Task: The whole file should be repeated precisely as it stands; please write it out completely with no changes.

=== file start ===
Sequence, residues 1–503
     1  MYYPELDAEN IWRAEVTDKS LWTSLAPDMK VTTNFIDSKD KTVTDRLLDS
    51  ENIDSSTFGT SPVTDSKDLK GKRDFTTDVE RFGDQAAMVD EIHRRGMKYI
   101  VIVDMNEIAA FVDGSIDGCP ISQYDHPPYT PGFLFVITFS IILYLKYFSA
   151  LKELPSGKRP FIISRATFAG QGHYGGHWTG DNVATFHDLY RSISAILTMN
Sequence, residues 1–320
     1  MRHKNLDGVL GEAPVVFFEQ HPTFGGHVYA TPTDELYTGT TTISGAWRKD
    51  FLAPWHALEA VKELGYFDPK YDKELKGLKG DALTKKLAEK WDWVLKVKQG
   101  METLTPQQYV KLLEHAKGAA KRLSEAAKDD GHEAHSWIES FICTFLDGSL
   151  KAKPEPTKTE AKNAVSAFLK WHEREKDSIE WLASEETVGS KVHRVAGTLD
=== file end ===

Sequence, residues 1–503
     1  MYYPELDAEN IWRAEVTDKS LWTSLAPDMK VTTNFIDSKD KTVTDRLLDS
    51  ENIDSSTFGT SPVTDSKDLK GKRDFTTDVE RFGDQAAMVD EIHRRGMKYI
   101  VIVDMNEIAA FVDGSIDGCP ISQYDHPPYT PGFLFVITFS IILYLKYFSA
   151  LKELPSGKRP FIISRATFAG QGHYGGHWTG DNVATFHDLY RSISAILTMN
Sequence, residues 1–320
     1  MRHKNLDGVL GEAPVVFFEQ HPTFGGHVYA TPTDELYTGT TTISGAWRKD
    51  FLAPWHALEA VKELGYFDPK YDKELKGLKG DALTKKLAEK WDWVLKVKQG
   101  METLTPQQYV KLLEHAKGAA KRLSEAAKDD GHEAHSWIES FICTFLDGSL
   151  KAKPEPTKTE AKNAVSAFLK WHEREKDSIE WLASEETVGS KVHRVAGTLD